A Few More Things I’ve Learned About New Zealand 

Heather Markel, Writer, Speaker, Photographer, Traveler, Business Strategist

I just had my first experience with someone thinking I’m Kiwi. I guess I’ve been here a while…

Now in New Zealand just shy of 16 months, with a valid kiwi driver’s license and an official visitor visa, I feel like I’ve earned honorary Kiwi status. At the very least, I’ve learned a lot about the culture. Here are a few more things I’ve gotten familiar with:

A view of Auckland.

Copyright, 2020. Heather Markel.

1. Permaculture Seems Innate

Most people I’ve met grow their own food. If they don’t have a sprawling garden to do it, they’ll buy a planter and grow at least their own herbs. This is a country which not only has a huge focus on growing your own fruits and vegetables, but has a surprising amount of foods I’ve never heard of. Feijoa, rose apples, and tamarillo to name a few. (By the way, feijoa liqueur used to make a feijoa sour is superb!) I’m still not quite used to the phrase I hear a lot when cooking at a friend’s place, “Don’t go buying greens at the supermarket, just pick what you need from the garden.”

2. They Leave You Hanging With A Preposition

It took me a while to stop waiting for a description after “sweet as…” “easy as…” I spent a while wondering, “sweet as what, exactly?” Then I realized, it’s just an expression and you have creative license to put any word you want before the word “as”, and it’s like you’re a Kiwi. Cool as!

3. The Culture Is Inclusionary

At a recent kid’s party, I saw them play a game called “pass the parcel.” It made me realize how exclusive American culture can sometimes be, and how inclusive Kiwi culture is. As a kid, I remember playing pass the hot potato. If you were unlucky enough to end up with it, you were out. The winner (because it’s all about winning), is the last person remaining. Pass the Parcel, in stark comparison, is a parcel you want to be stuck with. Each time you are, you unwrap the outer layer of wrapping paper, and whatever trinkets fall out of the layer are yours to keep. Then you pass it around and hope it lands with you again. Maybe this game exists elsewhere, too, but it was my first time experiencing it and I thought it was lovely.

No  matter where I’ve gone, and who I’ve been with, I have always felt included in “reindeer games” and conversations. New Maori friends have been as welcoming as Kiwi friends. There just seems to be a lot of effort to be open and welcoming all around.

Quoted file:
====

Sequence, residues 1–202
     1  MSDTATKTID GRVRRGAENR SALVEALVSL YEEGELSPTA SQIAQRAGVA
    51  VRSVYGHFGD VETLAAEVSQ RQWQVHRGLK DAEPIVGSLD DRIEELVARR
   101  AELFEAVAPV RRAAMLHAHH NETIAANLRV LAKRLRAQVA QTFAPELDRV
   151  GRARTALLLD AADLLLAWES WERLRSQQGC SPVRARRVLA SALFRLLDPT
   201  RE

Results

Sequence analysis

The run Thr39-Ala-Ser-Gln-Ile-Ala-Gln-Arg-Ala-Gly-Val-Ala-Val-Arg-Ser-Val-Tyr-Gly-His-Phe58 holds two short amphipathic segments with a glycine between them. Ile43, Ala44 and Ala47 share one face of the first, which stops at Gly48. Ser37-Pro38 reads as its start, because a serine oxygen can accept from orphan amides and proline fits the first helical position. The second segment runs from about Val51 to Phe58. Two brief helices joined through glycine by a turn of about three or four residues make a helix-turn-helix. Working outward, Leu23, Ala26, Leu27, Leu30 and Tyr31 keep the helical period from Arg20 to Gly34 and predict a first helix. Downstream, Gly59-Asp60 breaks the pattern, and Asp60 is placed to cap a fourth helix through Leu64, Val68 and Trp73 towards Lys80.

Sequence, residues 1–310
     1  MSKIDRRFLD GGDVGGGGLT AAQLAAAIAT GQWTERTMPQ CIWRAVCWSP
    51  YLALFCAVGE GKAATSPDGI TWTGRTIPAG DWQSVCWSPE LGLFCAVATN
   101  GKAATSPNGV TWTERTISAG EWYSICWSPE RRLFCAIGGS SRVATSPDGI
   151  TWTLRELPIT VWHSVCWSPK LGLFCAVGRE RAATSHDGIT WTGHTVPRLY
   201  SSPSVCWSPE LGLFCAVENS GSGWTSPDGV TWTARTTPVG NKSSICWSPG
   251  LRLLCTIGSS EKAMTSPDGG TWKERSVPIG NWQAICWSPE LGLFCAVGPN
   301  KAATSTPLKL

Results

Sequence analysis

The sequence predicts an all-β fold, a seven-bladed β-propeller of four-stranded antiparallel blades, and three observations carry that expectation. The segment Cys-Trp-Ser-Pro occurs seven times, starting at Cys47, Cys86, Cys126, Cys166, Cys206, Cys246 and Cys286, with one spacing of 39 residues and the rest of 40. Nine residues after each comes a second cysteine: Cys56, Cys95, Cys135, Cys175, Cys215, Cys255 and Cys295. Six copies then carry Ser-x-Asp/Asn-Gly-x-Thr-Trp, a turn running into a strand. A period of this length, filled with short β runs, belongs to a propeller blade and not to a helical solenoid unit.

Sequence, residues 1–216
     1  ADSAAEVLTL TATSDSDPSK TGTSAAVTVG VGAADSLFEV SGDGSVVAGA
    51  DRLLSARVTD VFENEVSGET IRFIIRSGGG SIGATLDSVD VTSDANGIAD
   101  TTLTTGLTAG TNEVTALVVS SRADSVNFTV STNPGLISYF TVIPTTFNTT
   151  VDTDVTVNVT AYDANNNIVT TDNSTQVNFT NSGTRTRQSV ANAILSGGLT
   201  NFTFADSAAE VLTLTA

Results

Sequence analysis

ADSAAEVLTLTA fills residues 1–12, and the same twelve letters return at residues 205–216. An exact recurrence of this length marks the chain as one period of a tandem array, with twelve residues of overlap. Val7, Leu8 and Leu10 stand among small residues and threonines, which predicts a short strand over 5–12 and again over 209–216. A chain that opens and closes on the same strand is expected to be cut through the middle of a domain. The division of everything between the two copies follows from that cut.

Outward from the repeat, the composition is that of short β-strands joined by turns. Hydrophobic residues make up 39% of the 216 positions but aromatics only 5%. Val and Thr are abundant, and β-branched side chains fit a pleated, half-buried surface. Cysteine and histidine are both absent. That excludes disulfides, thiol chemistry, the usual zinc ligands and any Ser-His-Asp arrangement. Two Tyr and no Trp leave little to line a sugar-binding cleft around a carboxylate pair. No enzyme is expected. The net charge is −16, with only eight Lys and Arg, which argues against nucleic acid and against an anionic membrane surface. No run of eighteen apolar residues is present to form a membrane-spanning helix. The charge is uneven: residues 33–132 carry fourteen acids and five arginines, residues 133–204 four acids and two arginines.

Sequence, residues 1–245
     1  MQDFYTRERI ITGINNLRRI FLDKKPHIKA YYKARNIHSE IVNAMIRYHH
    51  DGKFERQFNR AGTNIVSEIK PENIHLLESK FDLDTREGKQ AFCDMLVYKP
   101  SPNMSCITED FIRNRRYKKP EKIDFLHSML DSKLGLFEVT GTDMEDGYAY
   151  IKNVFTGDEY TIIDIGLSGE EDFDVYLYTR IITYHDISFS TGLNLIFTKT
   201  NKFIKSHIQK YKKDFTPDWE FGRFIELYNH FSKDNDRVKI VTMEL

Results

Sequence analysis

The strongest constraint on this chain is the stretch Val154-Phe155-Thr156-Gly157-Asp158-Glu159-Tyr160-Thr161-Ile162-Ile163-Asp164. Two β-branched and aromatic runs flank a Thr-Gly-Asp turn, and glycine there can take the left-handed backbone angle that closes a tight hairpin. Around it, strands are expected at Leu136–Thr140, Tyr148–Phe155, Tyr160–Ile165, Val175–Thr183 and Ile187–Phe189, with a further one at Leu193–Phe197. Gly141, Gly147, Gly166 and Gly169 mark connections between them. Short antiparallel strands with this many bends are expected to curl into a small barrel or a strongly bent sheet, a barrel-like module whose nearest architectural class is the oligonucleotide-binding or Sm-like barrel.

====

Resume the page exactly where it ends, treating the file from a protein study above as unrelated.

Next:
4. Learning About Maori Culture Is Fascinating

As I’ve traveled around the globe, I’ve been struck at how horribly indigenous populations have been treated. Native Americans throughout all the Americas, Aborigines in Australia,…but the Maori, though their situation is far from perfect, made out far better than other indigenous people. From what I can so far understand, it’s because they stood strong, and negotiated well. They may be the only indigenous people that have not been completely separated from their land. The Maori are a fascinating people, full of many tribes, opinions, and stories. (By the way, they don’t write their stories, so you really have to meet and speak with them to learn more about them.)

Something I didn’t know is that when Maori were first here, they enslaved other Maori tribes, and were cannibals. When European settlers arrived, white people were also enslaved. Like other indigenous people, the connection to land and spirit is an important part of their culture. Having learned so many horrible stories of native people being separated from their land, like in Africa, North and South America, it makes me feel hopeful that the New Zealand government is tryng to make reparations.

James from the movie James & Isey. Copyright 2020, Heather Markel.

5. You Might Be Able To Hang Out With A Famous Person

Fame doesn’t seem to be as big a deal here as in many other places. I recently saw a wonderful film, “James & Isey.” It’s about a Maori family where James takes care of his mom Isey, who is turning 100. In the span of the few days leading up to the party, you learn so much about the family. I loved it so much that I connected with them on their Facebook page. When I said I’d love to come for a drink with them, James actually replied like it was possible. When I reached out some time later saying I would be in their area, could we meet for coffee, James actually met with me! I was honored to have a fascinating conversation and education on many levels. And, I got a signed movie poster! Next up, I’m going to meet with Chris Booth, an internationally renowned sculptor. But you wouldn’t know that if you met him, because he is so humble and lovely.

6. It’s Not Australia

You may, or may not, realize that New Zealand is not part of Australia. I’ve become as offended as a Kiwi when someone throws out, “Oh how are you doing Down Under?” Maybe you don’t know that Down Under refers to Australia. Now you do. Please stop implying that New Zealand is part of Australia.

7. The Door Is Often Unlocked

Growing up in Manhattan, I definitely felt safe in an apartment building with a doorman. It would never occur to me to keep doors open, however. In New Zealand, there are still many places where you can go to sleep with your front door unlocked, knowing that you, and your belongings, will be perfectly safe. It makes me feel like I’m in a small town even when it’s a bigger city.

I have felt unbelievably weclomed. From staying at an AirBnb for a couple nights and being invited back as a friend, to picking up the phone and calling “famous” people and finding they answer the phone and have conversations, to the way I’ve found most service-based people go out of their way to be of help, this is a very special place. Be good to it and to the nature and the people if you visit. 

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